Nicholls v. Hodges - 26 U.S. 562 (1828)
U.S. Supreme Court
Nicholls v. Hodges, 26 U.S. 1 Pet. 562 562 (1828)
Nicholls v. Hodges
26 U.S. (1 Pet.) 562
The orphans' court, by the testamentary laws of Maryland, has a general power to administer justice in all matters relative to the affairs of deceased persons according to law. The commission to be allowed to an executor or administrator is submitted to the discretion of the court, and is to be not under five percent nor exceeding ten percent on the amount of the inventory.
If the executor has a claim on the estate of the deceased, it shall stand on an equal footing with other claims of the same nature.
On a plenary proceeding, if either party shall require it, the court will direct an issue or issues to be made up and sent to a court of law to be tried, and any person conceiving himself aggrieved by any judgment, decree, decision, or order may appeal to the court of chancery or to a court of law, and in Maryland the decision of the court, to which the appeal is made is final.
The Supreme Court of the United States has jurisdiction of appeals from the orphans' court, through the Circuit Court for the County of Washington by virtue of the Act of Congress of February 13, 1801, and by the act of Congress subsequently passed, the matter in dispute exclusive of costs, must exceed the value of $1,000 in order to en title the party to an appeal.
The commission to be allowed to the executor or administrator is submitted by law to the discretion, of the court upon a consideration of all the circumstances, and it was obviously the intention of the legislature that the decision of the orphans' court should be final and conclusive.
The Court being satisfied by an examination of the evidence contained in the record of the proceedings of the Orphans' Court of the County of Washington relative to a claim made upon the estate of the testator by the executor that the said evidence was too loose and indefinite to sanction the claim, disallowed the same and reversed the decree of the orphans' court which allowed the claim.
The defendant obtained letters testamentary on the estate of Thomas C. Hodges deceased, and passed his accounts in the Orphans' Court of Washington County, in which he was allowed 10 percent commission on the inventory of the deceased's estate amounting to $2,358.70 and $1,200 for services rendered by him to the deceased.
The testamentary law of Maryland under which this commission was allowed is in these words:
"His commission, which shall be at the discretion of the court, not under five percent nor exceeding ten percent on the amount of the inventory."
Act of Maryland, ch. 101. sub. ch. 10. sec. 2.
The appellants, creditors of the deceased's estate, filed their petition in the orphans' court objecting to the allowance of these claims, and upon the answer of the appellee and the testimony taken in the cause, the judge of the orphans' court decided in favor of the appellee and allowed these claims. From this decision an appeal was prayed to the Circuit Court for Washington County, where the judgment of the orphans' court was affirmed.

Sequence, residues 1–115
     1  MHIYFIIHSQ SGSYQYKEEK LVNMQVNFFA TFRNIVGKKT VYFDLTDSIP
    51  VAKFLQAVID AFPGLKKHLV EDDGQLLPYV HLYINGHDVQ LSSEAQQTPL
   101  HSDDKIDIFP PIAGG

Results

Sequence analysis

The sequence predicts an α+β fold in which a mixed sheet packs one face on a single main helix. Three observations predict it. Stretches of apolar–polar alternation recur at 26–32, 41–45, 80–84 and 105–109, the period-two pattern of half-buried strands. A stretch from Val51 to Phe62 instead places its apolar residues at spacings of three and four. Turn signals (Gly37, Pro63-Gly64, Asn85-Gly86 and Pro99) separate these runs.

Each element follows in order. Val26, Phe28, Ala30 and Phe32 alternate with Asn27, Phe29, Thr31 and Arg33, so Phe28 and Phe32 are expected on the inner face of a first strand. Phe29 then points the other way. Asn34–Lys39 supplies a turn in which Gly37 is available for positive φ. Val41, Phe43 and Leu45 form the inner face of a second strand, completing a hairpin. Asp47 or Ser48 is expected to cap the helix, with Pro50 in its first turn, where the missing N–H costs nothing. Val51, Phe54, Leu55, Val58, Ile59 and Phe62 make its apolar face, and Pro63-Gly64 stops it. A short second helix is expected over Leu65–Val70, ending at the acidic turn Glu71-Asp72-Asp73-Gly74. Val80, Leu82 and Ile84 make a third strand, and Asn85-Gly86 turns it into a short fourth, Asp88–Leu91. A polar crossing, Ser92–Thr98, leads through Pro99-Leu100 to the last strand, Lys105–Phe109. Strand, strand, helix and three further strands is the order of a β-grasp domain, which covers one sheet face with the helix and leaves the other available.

From this decision this appeal was made.
The deposition of William W. Corcoran, Philip T. Berry, John S. Hare James A. Magruder and Isaac S. Nicholls were taken and were sent up with this record. These depositions were intended to prove that the board and expenses of Thomas C. Hodges were paid by the deceased, by whom he was employed in his store as an assistant. That when the executor was spoken to about the account he had raised against the estate of the testator, he stated he was sorry he had brought forward the account, and that he should not have done so but by the advice of another. That he had said that his uncle the testator did not agree to give him wages, but a share of the property was promised, but no agreement was made.
The depositions also stated that some six months before the death of the testator, the defendant applied for wages, which were refused, and he was told to take money from the drawer and goods from the store, and if not satisfied, he might return to his father. That it was understood the appellee was in the store of the testator as a clerk. The testator observed at the time of making his will that he had given the defendant, his nephew, a legacy as a consideration for his services; he had always intended to give him something; he gave him the legacy for his services because he had not been paid for them. It was also testified that the executor had a good deal of trouble in settling the estate.
The counsel for the appellants endeavored to maintain
1. That the claims of the executor had been improperly allowed by the court below.
2. That the evidence shows the commission allowed is unjust and unreasonable.
3. The appellee had no legal claim for services rendered to the deceased.